Quote Originally Posted by Noble View Post
Well considering 100,000+ of her negatives were not even developed it is not at all clear to me that she gave much thought to how they were printed. If you want them the way Maier liked them then leave them undeveloped in a public storage facility.

Seriously though I think you are looking at her work through your lens not hers. I am no expert on her but it doesn't seem to me like she would be too bothered by what size the images are printed at. She would probably be bewildered that anyone even cares about her work.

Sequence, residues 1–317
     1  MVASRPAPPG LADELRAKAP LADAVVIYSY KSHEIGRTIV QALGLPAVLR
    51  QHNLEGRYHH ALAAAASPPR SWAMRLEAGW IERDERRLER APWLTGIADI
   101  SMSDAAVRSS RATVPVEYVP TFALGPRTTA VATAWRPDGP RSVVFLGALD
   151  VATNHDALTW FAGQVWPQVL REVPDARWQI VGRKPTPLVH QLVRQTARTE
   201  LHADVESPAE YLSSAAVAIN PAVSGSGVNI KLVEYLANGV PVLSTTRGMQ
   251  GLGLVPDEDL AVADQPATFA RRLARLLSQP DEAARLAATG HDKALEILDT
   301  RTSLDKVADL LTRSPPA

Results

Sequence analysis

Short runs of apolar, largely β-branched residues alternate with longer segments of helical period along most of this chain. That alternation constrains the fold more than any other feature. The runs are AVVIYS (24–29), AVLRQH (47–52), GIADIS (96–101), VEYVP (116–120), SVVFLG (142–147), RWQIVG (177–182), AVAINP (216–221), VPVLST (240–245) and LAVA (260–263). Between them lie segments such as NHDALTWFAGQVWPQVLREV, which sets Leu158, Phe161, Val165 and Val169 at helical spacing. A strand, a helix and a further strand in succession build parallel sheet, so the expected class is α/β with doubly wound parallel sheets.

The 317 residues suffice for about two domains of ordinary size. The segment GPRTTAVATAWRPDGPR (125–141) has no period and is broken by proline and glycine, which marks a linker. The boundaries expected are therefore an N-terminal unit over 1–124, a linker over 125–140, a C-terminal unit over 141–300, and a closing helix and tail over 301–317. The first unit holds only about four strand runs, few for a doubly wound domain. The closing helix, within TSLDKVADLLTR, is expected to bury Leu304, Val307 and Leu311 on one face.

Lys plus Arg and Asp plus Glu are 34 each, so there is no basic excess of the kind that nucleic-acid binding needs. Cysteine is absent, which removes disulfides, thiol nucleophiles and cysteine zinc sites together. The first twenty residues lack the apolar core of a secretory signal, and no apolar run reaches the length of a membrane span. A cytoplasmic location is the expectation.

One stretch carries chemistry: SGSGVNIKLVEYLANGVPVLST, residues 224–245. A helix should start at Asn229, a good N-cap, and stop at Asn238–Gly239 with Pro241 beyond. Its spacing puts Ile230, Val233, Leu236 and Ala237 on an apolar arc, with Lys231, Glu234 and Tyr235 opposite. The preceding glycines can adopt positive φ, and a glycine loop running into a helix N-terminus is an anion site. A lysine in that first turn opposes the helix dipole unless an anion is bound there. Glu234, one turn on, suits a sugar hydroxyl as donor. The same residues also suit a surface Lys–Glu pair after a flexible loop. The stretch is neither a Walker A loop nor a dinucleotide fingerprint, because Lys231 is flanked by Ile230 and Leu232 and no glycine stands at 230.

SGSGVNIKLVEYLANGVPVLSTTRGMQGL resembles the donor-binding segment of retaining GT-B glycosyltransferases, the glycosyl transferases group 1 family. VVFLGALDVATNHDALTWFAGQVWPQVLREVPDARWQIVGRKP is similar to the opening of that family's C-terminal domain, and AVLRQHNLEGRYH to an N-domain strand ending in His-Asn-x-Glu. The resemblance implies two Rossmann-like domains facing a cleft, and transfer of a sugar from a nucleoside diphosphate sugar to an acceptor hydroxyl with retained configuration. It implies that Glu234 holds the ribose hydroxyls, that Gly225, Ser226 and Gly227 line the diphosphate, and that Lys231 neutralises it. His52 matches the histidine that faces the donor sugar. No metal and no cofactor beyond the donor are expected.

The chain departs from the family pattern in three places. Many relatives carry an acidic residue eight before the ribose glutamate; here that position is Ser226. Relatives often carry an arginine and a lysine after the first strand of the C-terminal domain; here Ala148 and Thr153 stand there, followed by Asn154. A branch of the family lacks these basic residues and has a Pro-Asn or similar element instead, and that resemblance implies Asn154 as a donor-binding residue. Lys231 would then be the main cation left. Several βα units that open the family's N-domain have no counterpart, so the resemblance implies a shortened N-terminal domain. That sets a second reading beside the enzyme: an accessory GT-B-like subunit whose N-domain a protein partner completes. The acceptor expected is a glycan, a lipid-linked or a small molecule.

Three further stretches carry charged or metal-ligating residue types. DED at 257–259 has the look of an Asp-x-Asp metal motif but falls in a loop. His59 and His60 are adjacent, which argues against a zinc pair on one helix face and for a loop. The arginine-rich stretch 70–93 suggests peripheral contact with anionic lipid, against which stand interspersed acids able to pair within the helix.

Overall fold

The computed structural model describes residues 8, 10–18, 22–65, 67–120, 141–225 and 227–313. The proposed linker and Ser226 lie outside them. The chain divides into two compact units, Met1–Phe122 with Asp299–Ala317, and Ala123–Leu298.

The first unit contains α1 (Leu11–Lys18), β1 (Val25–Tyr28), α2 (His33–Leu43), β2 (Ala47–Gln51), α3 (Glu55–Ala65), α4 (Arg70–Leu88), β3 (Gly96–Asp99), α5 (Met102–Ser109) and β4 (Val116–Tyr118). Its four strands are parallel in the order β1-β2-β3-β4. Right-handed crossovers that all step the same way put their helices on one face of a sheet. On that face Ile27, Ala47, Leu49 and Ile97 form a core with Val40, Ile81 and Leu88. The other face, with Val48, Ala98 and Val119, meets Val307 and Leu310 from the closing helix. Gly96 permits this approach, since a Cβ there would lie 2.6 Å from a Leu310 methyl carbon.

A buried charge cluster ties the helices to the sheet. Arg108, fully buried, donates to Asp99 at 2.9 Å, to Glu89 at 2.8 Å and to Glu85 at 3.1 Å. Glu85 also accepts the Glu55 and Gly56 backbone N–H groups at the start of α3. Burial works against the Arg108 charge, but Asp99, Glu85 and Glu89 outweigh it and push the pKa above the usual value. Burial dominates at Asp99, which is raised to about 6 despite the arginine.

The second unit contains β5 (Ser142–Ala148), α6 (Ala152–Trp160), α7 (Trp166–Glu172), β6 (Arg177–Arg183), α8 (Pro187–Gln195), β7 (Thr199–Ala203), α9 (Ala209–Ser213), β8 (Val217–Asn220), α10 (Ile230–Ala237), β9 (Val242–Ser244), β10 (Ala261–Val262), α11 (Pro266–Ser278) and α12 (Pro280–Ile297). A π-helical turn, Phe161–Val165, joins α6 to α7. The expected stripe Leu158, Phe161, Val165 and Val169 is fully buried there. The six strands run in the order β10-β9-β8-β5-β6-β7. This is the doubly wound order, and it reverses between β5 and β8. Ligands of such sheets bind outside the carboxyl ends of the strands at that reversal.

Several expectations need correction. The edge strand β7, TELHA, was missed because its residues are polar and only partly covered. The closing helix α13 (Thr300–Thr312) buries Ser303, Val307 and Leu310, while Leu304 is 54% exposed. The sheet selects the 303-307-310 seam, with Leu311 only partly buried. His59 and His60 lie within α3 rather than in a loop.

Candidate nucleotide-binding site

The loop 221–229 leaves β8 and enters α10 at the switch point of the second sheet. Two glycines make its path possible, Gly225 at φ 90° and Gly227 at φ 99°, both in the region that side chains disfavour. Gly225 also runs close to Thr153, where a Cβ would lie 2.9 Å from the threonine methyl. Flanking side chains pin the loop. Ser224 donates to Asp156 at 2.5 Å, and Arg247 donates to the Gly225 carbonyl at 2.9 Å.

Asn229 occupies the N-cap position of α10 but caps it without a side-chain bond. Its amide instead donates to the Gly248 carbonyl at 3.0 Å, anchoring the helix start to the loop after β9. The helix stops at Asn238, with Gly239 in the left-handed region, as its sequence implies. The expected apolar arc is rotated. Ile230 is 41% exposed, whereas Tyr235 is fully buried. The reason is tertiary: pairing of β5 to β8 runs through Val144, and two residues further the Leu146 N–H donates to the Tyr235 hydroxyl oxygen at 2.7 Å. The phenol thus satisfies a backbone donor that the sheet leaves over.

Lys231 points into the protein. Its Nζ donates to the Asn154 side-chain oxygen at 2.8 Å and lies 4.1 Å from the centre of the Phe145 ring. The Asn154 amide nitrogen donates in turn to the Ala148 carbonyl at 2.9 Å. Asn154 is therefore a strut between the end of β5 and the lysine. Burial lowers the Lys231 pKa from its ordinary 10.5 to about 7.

My lens? Not quite. What about her wishes? Maybe she didn't want the work to be seen. She never tried to show it herself by all accounts, even when, as Newt touched upon above, she lived with a photo editor. She had four/five decades give or take to do something with it all which she could have done, but she did nothing. Why? That shows intent in my book. I maintain that they belong in museums and should not be commodified. Legally, since she apparently has no heirs, the images are up for grabs. Prints can be made from them, but that doesn't make it right. I thought the same thing with the "Uncle Earl" AA images. Like I said before, the feeding frenzy has commenced. It is sad. If I had the money to buy one of her images, I would be looking at the ones that she did or had done during her life. Those are the only legitimate ones IMO. Those have true value and I think are worth far more money, although I am sad to see she didn't get any of it, since they are genuine. I don't blame the galleries in this very much, it is the people who have the negatives and see dollar signs that are the problem. Maloof is probably the worst of them IMO, although the one they interviewed in the doc apparently (IIRC) gave up everything else he was doing to concentrate on monetizing the work. Ask Maloof when the last time it was that he sold any real estate. Personally, I think VM would be deeply upset about all of it. She would be concerned about the violation of her privacy, akin to someone reading your diary after you are dead.